“Fidjeri is the blues music of our region, as someone indicated to me recently,” says Sultan, who is half-Indian, half-Kuwaiti. “It is rich in texture and form. It is free spirited yet structured and its themes reside in a melancholic, dark space – harrowing almost. It is minimal in nature, with clapping, percussion and voice forming the crux of a song.
“Dub, meanwhile, uses a subtractive production methodology whereby drum elements and bass form the crux of a song. There is a strong emphasis on repetition in both genres – presumably to induce a trance-like state. Both of their origins can be traced back to Africa.”
Sultan once told Red Bull that traditional fidjeri music focussed on togetherness, belonging, separation and loss. A nahham, the equivalent of a conductor, would call out to his crew and they in turn would respond in a classic call-and-response interaction. The songs had mechanical functions, but were also designed to lift spirits and keep crews alive.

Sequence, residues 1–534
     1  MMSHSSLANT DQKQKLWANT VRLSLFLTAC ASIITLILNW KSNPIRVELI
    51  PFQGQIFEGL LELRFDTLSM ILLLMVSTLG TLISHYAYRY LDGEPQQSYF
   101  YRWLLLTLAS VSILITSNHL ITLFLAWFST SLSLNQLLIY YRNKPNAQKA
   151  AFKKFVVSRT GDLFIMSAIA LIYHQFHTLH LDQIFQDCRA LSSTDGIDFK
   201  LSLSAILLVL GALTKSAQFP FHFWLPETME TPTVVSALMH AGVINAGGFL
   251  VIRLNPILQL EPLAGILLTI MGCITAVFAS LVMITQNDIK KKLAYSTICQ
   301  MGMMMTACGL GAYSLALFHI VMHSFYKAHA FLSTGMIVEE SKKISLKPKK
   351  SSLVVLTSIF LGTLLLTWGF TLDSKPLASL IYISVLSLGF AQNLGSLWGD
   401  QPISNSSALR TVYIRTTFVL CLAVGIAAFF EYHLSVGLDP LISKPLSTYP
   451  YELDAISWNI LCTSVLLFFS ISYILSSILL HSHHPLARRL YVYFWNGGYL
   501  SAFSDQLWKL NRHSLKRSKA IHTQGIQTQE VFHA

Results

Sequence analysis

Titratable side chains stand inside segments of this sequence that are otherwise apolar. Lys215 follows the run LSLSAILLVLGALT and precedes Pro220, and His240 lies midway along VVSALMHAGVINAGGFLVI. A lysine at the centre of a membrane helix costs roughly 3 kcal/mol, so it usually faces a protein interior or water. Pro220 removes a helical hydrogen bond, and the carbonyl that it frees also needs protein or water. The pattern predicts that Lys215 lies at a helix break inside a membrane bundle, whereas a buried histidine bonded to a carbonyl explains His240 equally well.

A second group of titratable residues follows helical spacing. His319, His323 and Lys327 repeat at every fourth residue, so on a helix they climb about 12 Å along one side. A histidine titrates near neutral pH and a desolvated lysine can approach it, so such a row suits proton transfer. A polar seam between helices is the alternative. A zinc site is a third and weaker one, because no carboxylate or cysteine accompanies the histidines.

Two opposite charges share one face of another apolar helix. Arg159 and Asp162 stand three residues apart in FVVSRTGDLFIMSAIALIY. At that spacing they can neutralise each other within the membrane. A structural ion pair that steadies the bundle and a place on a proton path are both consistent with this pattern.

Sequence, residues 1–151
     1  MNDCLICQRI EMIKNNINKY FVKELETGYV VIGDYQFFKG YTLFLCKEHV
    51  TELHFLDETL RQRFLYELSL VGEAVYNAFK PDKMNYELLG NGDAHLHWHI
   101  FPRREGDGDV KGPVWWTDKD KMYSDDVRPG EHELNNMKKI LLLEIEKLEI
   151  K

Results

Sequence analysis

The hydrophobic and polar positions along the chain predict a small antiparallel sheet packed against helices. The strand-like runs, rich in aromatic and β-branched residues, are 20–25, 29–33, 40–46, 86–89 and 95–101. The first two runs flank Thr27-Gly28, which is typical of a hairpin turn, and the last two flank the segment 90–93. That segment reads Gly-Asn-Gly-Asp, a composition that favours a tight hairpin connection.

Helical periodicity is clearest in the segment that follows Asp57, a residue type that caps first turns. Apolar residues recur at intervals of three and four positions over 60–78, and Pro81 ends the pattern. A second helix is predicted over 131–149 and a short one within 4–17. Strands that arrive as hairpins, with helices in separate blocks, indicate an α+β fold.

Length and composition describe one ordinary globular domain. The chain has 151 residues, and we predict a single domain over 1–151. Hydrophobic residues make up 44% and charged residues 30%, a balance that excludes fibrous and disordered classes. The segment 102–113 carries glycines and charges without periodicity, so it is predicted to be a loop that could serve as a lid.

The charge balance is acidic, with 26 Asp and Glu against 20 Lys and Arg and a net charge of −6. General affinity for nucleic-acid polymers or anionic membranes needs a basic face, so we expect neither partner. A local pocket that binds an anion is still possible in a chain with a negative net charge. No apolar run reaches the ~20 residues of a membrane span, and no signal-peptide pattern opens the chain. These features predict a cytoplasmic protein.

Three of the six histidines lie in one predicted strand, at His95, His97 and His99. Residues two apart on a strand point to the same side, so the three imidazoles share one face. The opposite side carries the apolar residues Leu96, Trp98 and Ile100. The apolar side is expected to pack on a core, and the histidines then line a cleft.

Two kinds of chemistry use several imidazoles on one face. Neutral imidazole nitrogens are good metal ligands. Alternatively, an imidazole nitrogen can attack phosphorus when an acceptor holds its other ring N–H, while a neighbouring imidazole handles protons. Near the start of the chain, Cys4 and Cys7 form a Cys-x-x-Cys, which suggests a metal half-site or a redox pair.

“This music developed organically based on different functions – tasks that used to happen through the course of what would be a journey out to sea,” said Sultan. “The first and foremost task is building a ship, so songs emerged from how you would keep in harmony when you build the hull of a ship. Then you had songs that were based around pushing a ship out to sea. Imagine you have to align everyone to exert their energy to push this ship out to sea – song and structure emerged from that. Then you had songs that emerged from when you had to raise the sail on the ship.